However, Larry was probably instructed by the elderly ladies to put those lights around the crucifix.  They know the Light that flows from Jesus.  In their daily struggle, they humbly gaze on the cross or the image of divine mercy.  Those Christmas lights framing the crucifix may not have looked elegant, but they expressed the truth proclaimed by John, “The Light shines in the darkness, and the darkness has not overcome it.”

We have had a gloomy year in the Church.  In our weariness, we need to remember that “The Light shines in the darkness, and the darkness has not overcome it.” We should learn a lesson from the people dwelling in the land of gloom – the home-bound, the poor, the sick, immigrants or the imprisoned. We often ignore these people, but they can help us see the Light of Christ.  In humble faith, they are not absorbed by the darkness, but fix their gaze on the Light streaming from the Risen Lord.

Even more, notice how they are shining in the darkness. When you visit a sick person of faith, the peace of Christ fills their hearts, and you sense it when you speak with them.  The home-bound pray with perseverance.  It’s inspiring to visit them. They illuminate the Church even though they are not here with us. We are strengthened by their faithful prayer.

Some of the most Light-hearted people are the poor who have little or nothing; yet, they emanate joy because Christ dwells in the least (Mt. 25:40).  Ten years ago, I accompanied college students on a mission trip to El Salvador.  After the trip, they said that one of their most memorable experiences was, ‘How joyful the people are, even though they have nothing.’

The Light of Christ infiltrates his disciples, especially the poor and the humble. It shines in the dark world, if only we have eyes to see. “The Light shines in the darkness, and the darkness has not overcome it.”

Gerard Manley Hopkins marveled at the power of this light in a poem, as he wrote: “The world is charged with the grandeur of God.  It will flame out, like shining from shook foil.  It gathers to a greatness like the ooze of oil.” We see the grandeur of God flaming out in disciples who show mercy. 

Ten days ago, I visited St. Joseph’s Church in Cheyenne where the youth group was serving the homeless and sitting with them to offer a listening ear.  The light of Christ filled the hall with their simple acts of kindness.  Think of how many times this happens in thousands of parishes across this nation.  Think of all the disciples “shining as a flame of God’s mercy in the world.” (Pope Francis)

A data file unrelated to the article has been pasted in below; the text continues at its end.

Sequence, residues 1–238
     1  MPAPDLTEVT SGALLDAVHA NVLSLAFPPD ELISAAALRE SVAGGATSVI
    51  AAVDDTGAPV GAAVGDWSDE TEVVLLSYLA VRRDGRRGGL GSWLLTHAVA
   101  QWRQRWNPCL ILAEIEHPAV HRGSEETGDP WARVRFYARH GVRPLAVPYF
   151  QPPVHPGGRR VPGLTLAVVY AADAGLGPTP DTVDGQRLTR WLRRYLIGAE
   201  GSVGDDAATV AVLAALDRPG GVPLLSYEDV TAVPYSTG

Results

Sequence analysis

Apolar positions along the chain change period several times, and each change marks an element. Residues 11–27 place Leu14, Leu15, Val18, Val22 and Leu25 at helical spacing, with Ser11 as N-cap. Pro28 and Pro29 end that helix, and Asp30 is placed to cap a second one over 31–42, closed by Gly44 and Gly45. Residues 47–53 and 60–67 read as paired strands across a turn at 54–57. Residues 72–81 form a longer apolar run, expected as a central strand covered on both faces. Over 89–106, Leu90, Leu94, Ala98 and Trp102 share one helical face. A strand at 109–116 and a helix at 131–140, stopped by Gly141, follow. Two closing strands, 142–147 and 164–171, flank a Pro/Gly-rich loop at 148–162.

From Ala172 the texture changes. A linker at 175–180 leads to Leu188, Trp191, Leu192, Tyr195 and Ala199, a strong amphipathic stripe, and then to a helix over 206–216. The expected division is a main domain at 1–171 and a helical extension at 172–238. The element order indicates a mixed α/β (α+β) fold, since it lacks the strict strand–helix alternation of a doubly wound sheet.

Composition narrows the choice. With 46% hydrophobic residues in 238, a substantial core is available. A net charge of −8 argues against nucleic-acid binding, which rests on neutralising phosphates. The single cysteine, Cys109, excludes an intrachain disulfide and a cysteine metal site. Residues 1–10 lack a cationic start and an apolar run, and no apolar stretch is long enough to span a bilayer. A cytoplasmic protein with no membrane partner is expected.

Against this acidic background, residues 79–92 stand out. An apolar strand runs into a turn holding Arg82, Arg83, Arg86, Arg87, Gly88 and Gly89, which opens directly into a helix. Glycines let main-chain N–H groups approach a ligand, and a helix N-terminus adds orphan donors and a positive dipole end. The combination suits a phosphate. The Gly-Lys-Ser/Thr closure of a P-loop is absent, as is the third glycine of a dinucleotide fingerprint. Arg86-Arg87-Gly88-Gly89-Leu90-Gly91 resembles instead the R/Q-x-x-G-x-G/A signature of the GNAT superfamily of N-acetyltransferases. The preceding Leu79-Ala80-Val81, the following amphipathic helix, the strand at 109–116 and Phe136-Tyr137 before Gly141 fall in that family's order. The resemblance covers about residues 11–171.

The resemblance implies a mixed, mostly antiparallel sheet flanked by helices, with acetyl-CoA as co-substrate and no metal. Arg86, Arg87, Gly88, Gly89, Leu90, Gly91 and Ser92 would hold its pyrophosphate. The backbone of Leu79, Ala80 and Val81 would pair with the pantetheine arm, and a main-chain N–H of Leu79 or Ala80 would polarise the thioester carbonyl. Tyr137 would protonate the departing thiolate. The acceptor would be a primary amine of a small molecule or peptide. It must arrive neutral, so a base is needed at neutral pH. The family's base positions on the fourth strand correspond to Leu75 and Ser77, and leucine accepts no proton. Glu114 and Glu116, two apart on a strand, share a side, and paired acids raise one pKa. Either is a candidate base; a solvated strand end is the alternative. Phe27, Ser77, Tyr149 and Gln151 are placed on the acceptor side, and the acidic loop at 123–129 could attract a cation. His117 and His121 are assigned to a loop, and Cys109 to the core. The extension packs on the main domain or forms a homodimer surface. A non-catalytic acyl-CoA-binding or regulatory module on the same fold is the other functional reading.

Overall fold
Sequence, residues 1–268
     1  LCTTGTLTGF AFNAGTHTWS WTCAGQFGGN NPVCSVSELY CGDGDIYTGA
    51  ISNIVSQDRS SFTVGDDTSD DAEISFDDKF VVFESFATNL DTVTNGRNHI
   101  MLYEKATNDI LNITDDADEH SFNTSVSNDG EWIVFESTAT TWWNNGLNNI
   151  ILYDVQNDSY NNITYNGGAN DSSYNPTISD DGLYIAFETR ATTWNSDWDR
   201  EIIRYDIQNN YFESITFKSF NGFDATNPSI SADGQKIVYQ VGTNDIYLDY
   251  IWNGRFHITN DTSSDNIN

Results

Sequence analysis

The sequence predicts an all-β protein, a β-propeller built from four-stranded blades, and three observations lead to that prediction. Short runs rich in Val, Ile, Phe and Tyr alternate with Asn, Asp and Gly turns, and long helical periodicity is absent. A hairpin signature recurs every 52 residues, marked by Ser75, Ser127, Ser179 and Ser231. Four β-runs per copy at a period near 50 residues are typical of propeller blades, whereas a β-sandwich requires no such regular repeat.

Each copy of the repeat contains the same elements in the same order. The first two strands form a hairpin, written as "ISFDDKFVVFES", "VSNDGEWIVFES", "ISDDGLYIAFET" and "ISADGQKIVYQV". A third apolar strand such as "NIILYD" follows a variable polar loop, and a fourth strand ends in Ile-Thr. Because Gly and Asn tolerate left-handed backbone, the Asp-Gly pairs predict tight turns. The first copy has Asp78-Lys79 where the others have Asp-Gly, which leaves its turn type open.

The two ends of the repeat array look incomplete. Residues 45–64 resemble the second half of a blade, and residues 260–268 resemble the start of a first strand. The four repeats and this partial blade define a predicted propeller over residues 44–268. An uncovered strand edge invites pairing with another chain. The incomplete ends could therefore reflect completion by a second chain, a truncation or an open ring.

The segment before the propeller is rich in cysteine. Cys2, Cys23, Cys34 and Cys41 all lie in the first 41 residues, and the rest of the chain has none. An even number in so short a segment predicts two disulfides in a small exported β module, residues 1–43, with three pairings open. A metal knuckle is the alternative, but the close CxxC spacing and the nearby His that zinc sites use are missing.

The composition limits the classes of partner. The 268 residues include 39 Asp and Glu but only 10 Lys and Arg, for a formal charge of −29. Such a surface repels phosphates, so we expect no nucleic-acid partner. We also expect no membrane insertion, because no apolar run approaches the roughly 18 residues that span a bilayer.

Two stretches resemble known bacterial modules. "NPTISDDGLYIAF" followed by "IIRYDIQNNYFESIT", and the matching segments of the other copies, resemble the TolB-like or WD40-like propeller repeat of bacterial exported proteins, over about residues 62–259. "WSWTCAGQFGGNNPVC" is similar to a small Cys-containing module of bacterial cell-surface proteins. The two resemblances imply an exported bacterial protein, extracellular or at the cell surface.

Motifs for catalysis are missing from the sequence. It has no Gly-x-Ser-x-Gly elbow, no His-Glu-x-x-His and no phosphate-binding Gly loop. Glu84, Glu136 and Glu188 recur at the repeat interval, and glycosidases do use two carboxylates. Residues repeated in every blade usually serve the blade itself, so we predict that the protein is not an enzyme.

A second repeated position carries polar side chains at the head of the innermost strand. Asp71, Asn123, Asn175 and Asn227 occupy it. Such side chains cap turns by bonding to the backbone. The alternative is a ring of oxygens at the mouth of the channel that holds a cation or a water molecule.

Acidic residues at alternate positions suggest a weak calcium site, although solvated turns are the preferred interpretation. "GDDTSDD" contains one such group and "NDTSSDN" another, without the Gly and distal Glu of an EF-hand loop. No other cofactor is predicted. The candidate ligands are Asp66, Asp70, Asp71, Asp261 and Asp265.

Although our hearts have been saddened this year by clergy who have stumbled in the darkness, tonight remember all the priests who faithfully serve each day patiently hearing confessions, visiting the sick, celebrating the Sacraments, teaching the faith, mourning with people at funerals and rejoicing with them at weddings.  In the universal church, there are 400,000 priests radiating the Light of Christ.

In even greater numbers, religious sisters are shining stars in a dark world.  In October I met Sister Patricia Murray.  She is the Executive Director of religious women in the world, and she described the work of religious sisters serving on the peripheries – working against human trafficking, teaching in poor missions, schools or universities, assisting refugees and immigrants, serving in healthcare or in prisons.  Worldwide there are more than 700,000 sisters shining in the darkness. They are fulfilling the command of Jesus who said, “Let your light shine before others so that they may see your good works and give glory to your Father in heaven.”  (Mt. 5:16)

When we think of all the faithful disciples “shining as a flame of God’s mercy in the world,” it calls to mind the words of St. Paul in the letter to the Ephesians, “You were once darkness, but now you are light in the Lord; walk as children of Light.  For light produces every kind of goodness and righteousness and truth.” (Eph. 5:8-9)

Tonight marvel at the Light flowing from the crib and the cross.  Remember that God’s power is stronger than sin and sickness, Satan and death.  “Upon those who dwelt in the land of gloom a LIGHT has shone.” (Is. 9:1) See how his Light is shining in the darkness.  It radiates through every good deed you do.  It is multiplied in every faithful disciple. 

Finally, ask the Lord to renew his Light where it has grown dim because of the frailty of flesh, or slavery to sin, or the demon of discouragement.  With humility and confidence, ask the Lord to conquer any darkness in your life and to empower you to walk as a child of Light.

The Light of Christ is the strongest force in the universe.  “The Light shines in the darkness, and the darkness has not overcome it.” (Jn. 1:5)